376 pp., 6.125 x 9.25, 15 illus., notes, bibl., index
Paperback ISBN: 978-0-8078-7908-5
Published: July 2009
eBook ISBN: 978-0-8078-6107-3
Published: July 2003
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Julian Pleasants argues that Reynolds must be understood in the context of Depression-era North Carolina. He capitalized on the discontent of the poverty-stricken lower class by campaigning in tattered clothes while driving a ramshackle Model T--a sharp contrast to his wealthy, chauffeur-driven opponent, incumbent senator Cam Morrison. In office, Reynolds supported Roosevelt's New Deal. Although he was not pro-Nazi, his isolationist stance and his association with virulent right-wingers enraged his constituents and ultimately led to his withdrawal from politics.
Pleasants reveals Reynolds to be a showman of the first order, a skilled practitioner of class politics, and a unique southern politician--the only one who favored the New Deal while advocating isolationist views.
About the Author
Julian M. Pleasants, coauthor of Frank Porter Graham and the 1950 Senate Race in North Carolina, is professor of history and director of the Proctor Oral History Program at the University of Florida.
For more information about Julian M. Pleasants, visit the Author Page.
"[Reynolds had] a fascinating and entertaining, if not particularly edifying, career, and Pleasants recounts it in straightforward and effective fashion."--Journal of Southern History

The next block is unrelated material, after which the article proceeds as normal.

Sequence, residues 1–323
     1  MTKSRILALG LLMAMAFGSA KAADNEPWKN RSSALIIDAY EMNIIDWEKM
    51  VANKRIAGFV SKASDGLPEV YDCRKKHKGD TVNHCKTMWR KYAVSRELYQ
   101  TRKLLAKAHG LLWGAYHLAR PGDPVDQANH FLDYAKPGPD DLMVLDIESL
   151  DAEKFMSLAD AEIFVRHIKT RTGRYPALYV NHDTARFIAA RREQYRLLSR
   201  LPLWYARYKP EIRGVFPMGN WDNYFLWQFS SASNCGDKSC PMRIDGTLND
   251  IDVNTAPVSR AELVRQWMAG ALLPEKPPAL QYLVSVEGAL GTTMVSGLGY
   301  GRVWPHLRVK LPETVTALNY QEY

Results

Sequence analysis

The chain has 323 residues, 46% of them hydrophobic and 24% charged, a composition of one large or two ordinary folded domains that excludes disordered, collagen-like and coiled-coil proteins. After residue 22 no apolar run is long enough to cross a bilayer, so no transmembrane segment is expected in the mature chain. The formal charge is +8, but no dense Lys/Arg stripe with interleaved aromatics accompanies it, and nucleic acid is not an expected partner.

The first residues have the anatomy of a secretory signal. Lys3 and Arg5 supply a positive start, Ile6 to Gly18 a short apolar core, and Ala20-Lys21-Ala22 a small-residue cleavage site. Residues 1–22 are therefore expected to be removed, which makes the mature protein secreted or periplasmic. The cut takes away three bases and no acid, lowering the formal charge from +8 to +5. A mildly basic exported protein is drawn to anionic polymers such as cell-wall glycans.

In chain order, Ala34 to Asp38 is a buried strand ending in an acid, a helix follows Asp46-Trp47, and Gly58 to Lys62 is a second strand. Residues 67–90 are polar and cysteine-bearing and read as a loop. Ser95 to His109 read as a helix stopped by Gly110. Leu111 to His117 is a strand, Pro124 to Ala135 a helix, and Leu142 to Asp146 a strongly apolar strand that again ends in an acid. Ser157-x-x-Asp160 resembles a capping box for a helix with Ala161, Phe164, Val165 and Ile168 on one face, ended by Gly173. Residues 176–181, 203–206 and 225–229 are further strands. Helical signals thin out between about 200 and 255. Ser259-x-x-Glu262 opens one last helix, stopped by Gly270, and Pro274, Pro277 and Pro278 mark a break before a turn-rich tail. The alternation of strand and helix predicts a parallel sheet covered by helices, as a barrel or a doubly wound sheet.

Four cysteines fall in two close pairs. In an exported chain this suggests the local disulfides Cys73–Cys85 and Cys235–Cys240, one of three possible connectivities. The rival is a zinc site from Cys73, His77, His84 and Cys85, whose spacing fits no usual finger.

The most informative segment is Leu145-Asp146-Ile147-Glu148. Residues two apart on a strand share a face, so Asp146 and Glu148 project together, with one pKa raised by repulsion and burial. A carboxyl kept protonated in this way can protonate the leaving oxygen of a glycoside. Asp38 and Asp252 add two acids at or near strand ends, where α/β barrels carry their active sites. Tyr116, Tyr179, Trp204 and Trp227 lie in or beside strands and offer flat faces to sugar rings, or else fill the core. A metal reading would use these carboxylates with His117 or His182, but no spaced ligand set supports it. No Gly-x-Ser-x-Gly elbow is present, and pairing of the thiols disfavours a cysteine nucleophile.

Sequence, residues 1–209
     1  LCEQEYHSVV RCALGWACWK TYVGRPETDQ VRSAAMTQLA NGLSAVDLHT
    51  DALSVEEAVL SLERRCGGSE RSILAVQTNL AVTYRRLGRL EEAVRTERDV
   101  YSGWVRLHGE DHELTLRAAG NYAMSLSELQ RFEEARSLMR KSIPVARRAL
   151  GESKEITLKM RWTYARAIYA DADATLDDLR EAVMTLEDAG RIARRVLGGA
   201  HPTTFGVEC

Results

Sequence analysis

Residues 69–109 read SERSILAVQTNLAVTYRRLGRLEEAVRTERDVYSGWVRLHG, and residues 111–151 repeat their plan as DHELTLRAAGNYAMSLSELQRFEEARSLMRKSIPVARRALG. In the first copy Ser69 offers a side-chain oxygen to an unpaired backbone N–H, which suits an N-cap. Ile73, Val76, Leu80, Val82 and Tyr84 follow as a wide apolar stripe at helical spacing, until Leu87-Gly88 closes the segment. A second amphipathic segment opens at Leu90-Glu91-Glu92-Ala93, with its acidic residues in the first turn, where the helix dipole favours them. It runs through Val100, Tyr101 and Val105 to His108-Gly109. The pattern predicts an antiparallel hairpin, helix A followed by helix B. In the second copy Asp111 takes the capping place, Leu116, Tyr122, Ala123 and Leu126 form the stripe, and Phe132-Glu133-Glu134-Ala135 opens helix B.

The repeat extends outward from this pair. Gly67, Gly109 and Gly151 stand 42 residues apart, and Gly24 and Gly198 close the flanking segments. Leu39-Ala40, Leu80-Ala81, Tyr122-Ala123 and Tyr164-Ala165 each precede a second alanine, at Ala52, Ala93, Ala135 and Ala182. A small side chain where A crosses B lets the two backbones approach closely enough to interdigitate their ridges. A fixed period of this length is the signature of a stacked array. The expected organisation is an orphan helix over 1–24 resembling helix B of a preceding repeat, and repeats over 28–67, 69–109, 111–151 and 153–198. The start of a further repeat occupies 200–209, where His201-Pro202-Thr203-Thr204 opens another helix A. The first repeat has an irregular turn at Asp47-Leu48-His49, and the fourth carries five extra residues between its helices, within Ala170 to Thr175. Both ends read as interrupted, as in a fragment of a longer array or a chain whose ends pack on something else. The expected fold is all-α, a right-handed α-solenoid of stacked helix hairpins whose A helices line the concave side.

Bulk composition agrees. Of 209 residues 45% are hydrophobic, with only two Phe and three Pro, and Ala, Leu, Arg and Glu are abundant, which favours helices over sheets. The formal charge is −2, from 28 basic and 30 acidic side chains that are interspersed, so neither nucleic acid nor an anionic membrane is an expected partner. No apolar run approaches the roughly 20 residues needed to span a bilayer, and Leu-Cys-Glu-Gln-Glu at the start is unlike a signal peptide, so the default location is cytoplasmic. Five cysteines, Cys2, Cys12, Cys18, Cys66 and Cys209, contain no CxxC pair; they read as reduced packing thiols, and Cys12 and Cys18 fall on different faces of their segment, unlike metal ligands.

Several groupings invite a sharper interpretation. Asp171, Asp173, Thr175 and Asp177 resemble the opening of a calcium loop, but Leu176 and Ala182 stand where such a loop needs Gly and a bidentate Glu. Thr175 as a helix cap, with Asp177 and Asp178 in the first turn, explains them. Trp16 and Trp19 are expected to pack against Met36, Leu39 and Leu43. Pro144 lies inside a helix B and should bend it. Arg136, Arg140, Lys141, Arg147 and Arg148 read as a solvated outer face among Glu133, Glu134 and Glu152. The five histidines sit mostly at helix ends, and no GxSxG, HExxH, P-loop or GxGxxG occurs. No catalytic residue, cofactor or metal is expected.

"What Pleasants has delivered is a meticulously researched, carefully delivered and thoughtfully crafted assessment of Richard Rice Reynolds and his place in North Carolina history."--Charlotte Observer
"Pleasants masterfully chronicles this swaggering character who demagogued his way across Depression-era North Carolina with a populist brand of politics and a knowing wink."--Raleigh News & Observer
"As a biography of a second-tier politician, this volume succeeds admirably. The author's research into primary sources is extensive, his coverage of Reynolds's public career comprehensive, and his prose clear and jargon free. The account of the senator's colorful private life, including his many marriages, is also both interesting and humorous."--North Carolina Historical Review
"Buncombe Bob tackles a difficult subject and places him in the context of his times. North Carolina Senator Robert Rice Reynolds was a colorful, controversial Depression-era politician who was usually dismissed by a broad range of critics as a zany, a buffoon, and even a bigot. Although Reynolds left few personal papers, Pleasants has done extensive research in Reynolds's congressional papers and the leading newspapers of the day and produced a critical, compelling biography. As a result, Buncombe Bob complements the writings of V. O. Key and Robert Luthin and the standard histories of the Tarheel State."--Bruce Clayton, Allegheny College
"Out of the Great Depression came Senator Bob Reynolds, one of the most unusual political figures to have risen so high in North Carolina. Julian Pleasants presents a clear-headed account of Reynolds's out-of-the-ordinary life, so full of contradictions. And, in doing so, Pleasants demonstrates a deft facility for bringing out the drama of old campaigns and debates."--Ferrel Guillory, University of North Carolina at Chapel Hill